Your Website Content: A Matter of Trust

Your Website Content: A Matter of Trust

You’d think that when we aren’t writing website content, or working on website proofreading and editing, we’d find something to do that doesn’t involve the internet. But, like so many others, we often shop online. While our skill at finding bargains may not be as well honed as our ability to find grammatical errors, we still enjoy the quest.

We’ve already discussed the effect that spelling, punctuation and grammar have on a website—and how even a minor error can cause a reader to question the website’s credibility. Every bit as important, though, is the integrity of the text itself. Statements that are evasive and indirect can drive customers away for good.

When prospective customers physically visit a business, they instantly assess it before even entering the door. Readers landing on your website do the same, but the criteria can be wider and much more rigorous. Readers evaluate your credibility from the text you’ve used and the way it is presented. They determine your professionalism by the website’s design. And they decide whether to trust you based on a number of factors, but most importantly the words you’ve chosen—and those you’ve chosen to omit.

We were recently shopping for an antique mantel clock online. As you would expect, styles, condition and prices varied considerably. One clock we especially liked was on an antique dealer’s website. The dealer had written, “This clock comes with a winding key, but I don’t know if the clock keeps time.” A potential buyer could tell immediately that the clock most likely did not keep time, since all the dealer had to do was wind it to tell if it kept time.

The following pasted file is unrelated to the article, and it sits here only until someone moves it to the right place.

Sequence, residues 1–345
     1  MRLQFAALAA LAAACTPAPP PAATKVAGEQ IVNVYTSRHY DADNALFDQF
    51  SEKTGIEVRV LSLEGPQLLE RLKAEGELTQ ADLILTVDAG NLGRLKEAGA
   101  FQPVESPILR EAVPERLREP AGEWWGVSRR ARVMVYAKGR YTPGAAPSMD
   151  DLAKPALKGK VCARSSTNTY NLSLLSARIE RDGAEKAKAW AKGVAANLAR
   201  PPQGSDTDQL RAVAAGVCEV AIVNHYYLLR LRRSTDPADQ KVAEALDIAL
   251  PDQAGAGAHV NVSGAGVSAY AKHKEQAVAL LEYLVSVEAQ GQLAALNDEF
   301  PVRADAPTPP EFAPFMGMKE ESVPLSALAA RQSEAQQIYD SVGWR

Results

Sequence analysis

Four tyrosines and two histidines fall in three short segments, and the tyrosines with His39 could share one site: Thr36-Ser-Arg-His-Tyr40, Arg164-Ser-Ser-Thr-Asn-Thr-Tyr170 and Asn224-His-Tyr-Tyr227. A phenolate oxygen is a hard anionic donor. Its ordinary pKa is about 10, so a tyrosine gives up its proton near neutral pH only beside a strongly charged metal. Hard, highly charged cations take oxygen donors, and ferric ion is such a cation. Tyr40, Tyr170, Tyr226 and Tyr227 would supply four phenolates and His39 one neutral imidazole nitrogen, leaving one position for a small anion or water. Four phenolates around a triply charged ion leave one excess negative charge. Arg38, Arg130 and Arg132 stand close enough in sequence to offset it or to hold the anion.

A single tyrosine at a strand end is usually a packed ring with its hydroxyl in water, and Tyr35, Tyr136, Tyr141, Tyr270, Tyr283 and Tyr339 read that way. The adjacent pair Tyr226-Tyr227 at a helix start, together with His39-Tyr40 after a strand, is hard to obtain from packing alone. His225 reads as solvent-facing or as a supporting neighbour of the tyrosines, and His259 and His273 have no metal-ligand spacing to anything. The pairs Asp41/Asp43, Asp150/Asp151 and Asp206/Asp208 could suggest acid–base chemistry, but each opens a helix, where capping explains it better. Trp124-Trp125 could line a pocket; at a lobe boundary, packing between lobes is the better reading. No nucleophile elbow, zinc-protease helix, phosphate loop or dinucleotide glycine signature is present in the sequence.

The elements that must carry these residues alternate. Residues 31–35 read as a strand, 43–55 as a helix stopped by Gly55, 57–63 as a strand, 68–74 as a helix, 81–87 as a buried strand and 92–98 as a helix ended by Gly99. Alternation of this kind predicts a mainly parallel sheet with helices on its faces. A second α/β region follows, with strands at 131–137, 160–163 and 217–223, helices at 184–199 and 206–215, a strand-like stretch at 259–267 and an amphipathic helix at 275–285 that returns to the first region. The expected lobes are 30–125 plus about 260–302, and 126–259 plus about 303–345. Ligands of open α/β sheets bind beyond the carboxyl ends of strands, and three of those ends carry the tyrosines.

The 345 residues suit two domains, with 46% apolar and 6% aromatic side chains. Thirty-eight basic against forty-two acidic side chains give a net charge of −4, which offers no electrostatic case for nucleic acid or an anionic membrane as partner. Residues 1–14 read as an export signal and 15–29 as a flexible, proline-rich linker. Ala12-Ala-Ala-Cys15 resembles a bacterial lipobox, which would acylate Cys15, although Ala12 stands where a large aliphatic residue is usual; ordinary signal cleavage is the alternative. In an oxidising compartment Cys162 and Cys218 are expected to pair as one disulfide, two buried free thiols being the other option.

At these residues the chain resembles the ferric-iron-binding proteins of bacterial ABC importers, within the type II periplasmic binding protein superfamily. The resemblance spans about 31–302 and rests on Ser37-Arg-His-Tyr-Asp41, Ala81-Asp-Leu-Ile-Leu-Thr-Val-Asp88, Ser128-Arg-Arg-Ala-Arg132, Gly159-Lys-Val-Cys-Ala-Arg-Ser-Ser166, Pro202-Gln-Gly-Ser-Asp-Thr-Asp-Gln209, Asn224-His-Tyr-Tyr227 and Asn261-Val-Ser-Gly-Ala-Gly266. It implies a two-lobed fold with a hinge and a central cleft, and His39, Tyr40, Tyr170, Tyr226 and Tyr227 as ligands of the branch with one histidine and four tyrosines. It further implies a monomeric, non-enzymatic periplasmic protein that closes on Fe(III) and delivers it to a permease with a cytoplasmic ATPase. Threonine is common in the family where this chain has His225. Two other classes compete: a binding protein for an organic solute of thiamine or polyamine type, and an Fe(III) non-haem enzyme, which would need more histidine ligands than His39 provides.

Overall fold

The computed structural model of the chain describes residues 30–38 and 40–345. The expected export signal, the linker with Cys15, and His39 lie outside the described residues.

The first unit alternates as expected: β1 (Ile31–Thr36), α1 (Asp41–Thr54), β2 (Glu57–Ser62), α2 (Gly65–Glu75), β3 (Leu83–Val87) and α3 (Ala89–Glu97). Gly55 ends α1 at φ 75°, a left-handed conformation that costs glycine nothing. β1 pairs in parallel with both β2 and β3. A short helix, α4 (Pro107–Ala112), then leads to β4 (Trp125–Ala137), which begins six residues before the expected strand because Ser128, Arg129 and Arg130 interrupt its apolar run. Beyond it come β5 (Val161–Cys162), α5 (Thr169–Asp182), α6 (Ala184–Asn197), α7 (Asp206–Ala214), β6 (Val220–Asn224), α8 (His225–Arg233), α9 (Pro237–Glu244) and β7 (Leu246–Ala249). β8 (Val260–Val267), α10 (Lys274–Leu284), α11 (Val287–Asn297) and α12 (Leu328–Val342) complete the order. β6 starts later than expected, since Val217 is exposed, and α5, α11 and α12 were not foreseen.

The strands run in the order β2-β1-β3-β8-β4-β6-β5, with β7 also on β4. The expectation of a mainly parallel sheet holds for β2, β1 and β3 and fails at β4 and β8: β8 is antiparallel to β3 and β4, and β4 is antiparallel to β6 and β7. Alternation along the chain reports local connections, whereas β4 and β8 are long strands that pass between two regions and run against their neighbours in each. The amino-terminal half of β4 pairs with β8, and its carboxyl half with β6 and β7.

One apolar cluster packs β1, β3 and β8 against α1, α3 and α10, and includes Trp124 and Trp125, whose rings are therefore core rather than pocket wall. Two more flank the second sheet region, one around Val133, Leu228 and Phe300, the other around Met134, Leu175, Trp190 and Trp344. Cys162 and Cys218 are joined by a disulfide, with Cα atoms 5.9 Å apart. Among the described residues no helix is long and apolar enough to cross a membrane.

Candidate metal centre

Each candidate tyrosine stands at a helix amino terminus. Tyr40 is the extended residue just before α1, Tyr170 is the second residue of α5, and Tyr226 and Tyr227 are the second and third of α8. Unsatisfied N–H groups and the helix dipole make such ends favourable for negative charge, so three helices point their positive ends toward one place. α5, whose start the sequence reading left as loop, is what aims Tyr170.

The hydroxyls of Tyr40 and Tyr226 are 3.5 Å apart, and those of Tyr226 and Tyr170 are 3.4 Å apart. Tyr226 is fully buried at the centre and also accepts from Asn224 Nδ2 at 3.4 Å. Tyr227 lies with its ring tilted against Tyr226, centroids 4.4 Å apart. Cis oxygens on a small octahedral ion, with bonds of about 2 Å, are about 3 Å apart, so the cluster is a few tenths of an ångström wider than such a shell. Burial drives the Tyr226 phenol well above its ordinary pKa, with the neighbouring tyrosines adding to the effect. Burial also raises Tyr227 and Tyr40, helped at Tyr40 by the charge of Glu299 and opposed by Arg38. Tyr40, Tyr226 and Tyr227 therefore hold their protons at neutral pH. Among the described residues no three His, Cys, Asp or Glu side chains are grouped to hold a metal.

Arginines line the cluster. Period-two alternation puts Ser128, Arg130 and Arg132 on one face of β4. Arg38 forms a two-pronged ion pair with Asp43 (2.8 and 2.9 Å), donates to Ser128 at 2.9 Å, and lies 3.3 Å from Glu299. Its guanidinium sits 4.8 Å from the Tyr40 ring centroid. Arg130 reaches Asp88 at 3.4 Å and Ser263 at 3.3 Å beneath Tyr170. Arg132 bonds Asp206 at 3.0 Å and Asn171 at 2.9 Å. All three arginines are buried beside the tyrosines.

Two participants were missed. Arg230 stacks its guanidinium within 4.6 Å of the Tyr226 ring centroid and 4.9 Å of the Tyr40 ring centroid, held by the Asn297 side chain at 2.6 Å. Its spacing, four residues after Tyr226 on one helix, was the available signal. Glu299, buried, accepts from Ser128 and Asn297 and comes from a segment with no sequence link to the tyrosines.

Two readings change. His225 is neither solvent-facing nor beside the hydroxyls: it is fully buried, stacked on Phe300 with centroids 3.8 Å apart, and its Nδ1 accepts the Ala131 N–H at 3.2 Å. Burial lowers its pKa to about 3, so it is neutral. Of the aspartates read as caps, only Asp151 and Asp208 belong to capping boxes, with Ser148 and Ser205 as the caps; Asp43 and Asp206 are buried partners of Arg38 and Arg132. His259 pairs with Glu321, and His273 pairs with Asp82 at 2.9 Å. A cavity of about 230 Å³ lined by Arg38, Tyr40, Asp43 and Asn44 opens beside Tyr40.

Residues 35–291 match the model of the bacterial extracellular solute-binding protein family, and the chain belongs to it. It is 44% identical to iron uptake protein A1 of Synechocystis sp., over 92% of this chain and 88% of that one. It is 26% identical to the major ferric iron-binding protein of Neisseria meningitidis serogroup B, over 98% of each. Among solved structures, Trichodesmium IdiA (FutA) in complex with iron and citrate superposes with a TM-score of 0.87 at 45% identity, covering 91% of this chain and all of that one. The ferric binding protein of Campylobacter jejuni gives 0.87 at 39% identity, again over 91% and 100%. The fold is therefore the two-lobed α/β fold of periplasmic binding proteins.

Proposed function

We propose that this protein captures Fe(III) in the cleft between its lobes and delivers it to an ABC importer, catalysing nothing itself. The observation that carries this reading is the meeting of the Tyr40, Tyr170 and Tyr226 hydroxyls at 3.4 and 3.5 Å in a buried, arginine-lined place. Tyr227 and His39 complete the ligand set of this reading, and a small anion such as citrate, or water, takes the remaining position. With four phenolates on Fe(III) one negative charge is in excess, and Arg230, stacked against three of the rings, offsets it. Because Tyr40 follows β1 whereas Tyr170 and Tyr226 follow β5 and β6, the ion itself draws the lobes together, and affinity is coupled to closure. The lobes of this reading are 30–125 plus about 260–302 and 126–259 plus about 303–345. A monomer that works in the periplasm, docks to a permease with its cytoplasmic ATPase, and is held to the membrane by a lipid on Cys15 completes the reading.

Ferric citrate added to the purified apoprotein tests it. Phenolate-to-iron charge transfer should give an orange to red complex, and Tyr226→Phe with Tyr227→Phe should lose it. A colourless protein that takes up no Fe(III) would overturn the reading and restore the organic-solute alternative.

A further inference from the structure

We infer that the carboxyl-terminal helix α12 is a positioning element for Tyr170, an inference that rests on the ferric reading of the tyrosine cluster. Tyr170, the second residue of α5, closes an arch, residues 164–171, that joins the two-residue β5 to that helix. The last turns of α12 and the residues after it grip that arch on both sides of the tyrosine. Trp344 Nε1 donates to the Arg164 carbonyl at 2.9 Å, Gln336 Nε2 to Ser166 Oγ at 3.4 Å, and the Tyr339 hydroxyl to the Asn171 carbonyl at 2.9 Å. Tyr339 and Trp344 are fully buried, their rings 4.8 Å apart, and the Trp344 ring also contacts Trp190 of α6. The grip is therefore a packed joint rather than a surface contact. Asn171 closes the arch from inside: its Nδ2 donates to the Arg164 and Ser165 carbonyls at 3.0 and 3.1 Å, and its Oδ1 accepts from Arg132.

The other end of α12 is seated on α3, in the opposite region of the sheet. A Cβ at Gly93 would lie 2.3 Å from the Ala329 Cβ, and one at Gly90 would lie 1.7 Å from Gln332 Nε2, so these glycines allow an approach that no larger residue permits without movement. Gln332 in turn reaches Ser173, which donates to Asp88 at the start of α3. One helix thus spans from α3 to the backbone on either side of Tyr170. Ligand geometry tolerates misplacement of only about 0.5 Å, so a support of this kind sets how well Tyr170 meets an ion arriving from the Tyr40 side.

We were sure to avoid buying anything on that site. It was a matter of trust. Maybe, we thought, the antique dealer wasn’t selling antiques at all, but cheap reproductions. Or he could be one of those sellers who claim they have shipped a purchase when, in fact, they have not. With all the honest online merchants who carefully protect their integrity, there is no reason to waste time with someone who isn’t candid and straightforward.

The clock seller could have still made a sale, though, by acknowledging that the clock did not advance time, and mentioning that it could be easily repaired—or used as decoration.

Whether they are buying a product or a service, internet users are savvy consumers. They can see right through hyped-up text and misleading descriptions. As you prepare your website copy, always keep in mind that you must earn their trust by making your descriptions concise, direct and—above all—accurate.

 

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